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I have this relation in my Product model:

has_many :features, :class_name => 'ProductFeature', :source => :product_feature, :include => :feature

So I can do Product.features

which works fine. But I want to be able to filter that by fields in the feature table, when and if necessary. For example in pseudo code:

find all product features where feature is comparable

compare is a bool field on the feature.

I have been trying for 2 hours solid and cannot figure it out (without writing a new query completely). I can't figure out how to access the feature table's fields from the Product.features relation, as it seems it can only filter on product_features fields.

This is what I have come up with so far:

def features_compare
  features.feature.where(:compare => true)
end

But it just says feature is not a valid method, which I understand.

Edit

I have updated my model so the relationships are clearer:

product.rb:

class Product < ActiveRecord::Base
  belongs_to :company
  belongs_to :insurance_type

  has_many :product_features
  has_many :reviews

  attr_accessible :description, :name, :company
end

product_feature.rb:

class ProductFeature < ActiveRecord::Base
  belongs_to :product
  belongs_to :feature

  delegate :name, :to => :feature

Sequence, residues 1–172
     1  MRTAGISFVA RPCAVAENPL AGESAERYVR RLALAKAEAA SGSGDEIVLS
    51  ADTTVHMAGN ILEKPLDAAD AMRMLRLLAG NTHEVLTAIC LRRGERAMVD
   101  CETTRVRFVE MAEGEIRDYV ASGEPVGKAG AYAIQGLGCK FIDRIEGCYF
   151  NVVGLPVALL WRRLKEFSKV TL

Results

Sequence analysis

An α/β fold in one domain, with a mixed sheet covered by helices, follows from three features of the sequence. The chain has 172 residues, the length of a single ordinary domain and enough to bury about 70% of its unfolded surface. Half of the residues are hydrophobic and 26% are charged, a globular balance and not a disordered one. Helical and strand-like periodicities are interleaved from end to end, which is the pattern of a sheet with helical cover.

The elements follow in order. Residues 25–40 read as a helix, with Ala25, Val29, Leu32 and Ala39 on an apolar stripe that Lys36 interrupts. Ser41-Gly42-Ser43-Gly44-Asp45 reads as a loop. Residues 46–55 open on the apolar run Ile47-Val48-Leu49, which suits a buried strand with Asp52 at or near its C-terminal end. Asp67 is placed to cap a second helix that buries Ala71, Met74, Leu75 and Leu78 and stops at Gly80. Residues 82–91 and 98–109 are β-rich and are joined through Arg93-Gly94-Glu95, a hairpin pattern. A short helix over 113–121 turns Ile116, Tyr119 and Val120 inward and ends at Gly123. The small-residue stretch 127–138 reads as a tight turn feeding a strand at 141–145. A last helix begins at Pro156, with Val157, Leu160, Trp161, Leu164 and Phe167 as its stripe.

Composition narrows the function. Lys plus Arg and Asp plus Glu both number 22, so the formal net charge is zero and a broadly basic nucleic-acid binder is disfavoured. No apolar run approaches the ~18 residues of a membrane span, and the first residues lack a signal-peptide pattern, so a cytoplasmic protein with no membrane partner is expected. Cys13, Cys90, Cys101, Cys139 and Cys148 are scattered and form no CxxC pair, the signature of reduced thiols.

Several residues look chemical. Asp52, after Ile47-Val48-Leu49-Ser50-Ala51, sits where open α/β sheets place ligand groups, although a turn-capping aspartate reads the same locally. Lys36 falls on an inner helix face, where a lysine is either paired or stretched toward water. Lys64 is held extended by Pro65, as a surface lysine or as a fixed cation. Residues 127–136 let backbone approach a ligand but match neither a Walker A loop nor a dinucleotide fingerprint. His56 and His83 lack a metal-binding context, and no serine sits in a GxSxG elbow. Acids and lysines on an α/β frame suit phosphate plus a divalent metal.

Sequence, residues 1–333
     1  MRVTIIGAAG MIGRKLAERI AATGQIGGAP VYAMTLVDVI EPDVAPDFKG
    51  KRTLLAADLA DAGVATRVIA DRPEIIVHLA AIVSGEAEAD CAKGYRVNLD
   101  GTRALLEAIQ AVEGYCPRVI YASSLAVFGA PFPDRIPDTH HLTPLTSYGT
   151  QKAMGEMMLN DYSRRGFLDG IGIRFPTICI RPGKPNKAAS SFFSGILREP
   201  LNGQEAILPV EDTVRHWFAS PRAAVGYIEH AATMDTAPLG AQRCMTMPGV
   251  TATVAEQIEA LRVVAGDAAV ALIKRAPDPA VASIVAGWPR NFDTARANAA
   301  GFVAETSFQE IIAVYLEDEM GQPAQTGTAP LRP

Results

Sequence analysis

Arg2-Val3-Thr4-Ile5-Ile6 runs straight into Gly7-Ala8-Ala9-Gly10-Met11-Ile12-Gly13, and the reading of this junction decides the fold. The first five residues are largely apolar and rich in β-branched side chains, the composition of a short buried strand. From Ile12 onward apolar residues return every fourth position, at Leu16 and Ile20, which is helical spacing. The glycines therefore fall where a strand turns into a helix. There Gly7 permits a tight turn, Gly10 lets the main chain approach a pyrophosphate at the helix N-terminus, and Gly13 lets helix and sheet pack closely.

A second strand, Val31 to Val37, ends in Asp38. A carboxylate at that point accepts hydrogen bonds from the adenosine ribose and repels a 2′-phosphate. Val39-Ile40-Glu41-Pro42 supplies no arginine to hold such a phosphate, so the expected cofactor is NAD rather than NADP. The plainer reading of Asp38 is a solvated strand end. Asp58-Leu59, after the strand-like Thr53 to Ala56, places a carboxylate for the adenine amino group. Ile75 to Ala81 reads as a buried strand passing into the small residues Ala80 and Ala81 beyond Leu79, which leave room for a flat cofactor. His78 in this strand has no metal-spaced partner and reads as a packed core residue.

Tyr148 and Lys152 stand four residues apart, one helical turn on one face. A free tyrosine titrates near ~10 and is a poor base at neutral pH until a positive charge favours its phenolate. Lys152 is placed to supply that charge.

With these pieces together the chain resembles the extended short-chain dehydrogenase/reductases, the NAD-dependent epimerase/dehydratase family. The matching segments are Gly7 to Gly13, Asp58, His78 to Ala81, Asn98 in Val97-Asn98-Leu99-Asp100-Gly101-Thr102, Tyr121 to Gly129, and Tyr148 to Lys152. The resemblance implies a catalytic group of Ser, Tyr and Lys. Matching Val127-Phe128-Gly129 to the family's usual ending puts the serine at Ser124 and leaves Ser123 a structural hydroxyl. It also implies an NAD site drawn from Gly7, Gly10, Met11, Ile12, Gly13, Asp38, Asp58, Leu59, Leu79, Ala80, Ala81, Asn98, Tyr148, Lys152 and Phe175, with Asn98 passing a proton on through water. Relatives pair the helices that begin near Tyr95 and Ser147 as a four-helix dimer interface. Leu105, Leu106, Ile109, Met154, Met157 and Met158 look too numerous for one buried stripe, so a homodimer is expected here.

attr_accessible :value
end

feature.rb

class Feature < ActiveRecord::Base
  attr_accessible :name, :compare
end

I want to be able to query the product_features that belong to a product and feature where Feature.compare is true. Something like this:

product.rb

def features_compare
  product_features.where(:compare => true)
end

This throws an error because compare in in the Feature model, not ProductFeature. I have tried the following in product_feature.rb:

delegate :compare, :to => :feature

but I didn't help.

I will adding a bounty to this in a few hours so please please help me!

share|improve this question
    
I'm confused about the organization of the app. So you have a features table and a product_features table, and a Feature model and a ProductFeature model? – Joshua Rieken Jan 20 '13 at 23:29
    
Also, you don't need the :source attribute since has_many :features isn't a has_many :through association. – Joshua Rieken Jan 20 '13 at 23:31
    
And I'm starting to doubt that you need the :include => :feature part as well unless ProductFeature has a feature. – Joshua Rieken Jan 20 '13 at 23:32
    
I can see how you would be! I have a Feature model which contains a set of features such as 'colour', 'size', 'shape' etc. Then a ProductFeature model which contains a link to the Product and Feature, and contains a 'value', such as 'black', 'medium', 'round' etc. I have renamed the relation to 'features' rather than 'product_features' on the Product model for better readability (or so I hoped lol) – Matt Humphrey Jan 20 '13 at 23:32
    
I need the include so I can access the feature name through the relation – Matt Humphrey Jan 20 '13 at 23:33
up vote 2 down vote accepted
+100

find all product features where feature is comparable is just

ProductFeature.joins(:feature).where(:feature => {:compare => true})

You can make that a bit more reusable by introducing a scope:

#in product_feature.rb
scope :with_feature_like, lambda do |filter|
   joins(:feature).where(:feature => filter)
end

#elsewhere
ProductFeature.with_feature_like(:compare => true)

#all the product features of a certain product with at comparable features
some_product.product_features.with_feature_like(:compare => true)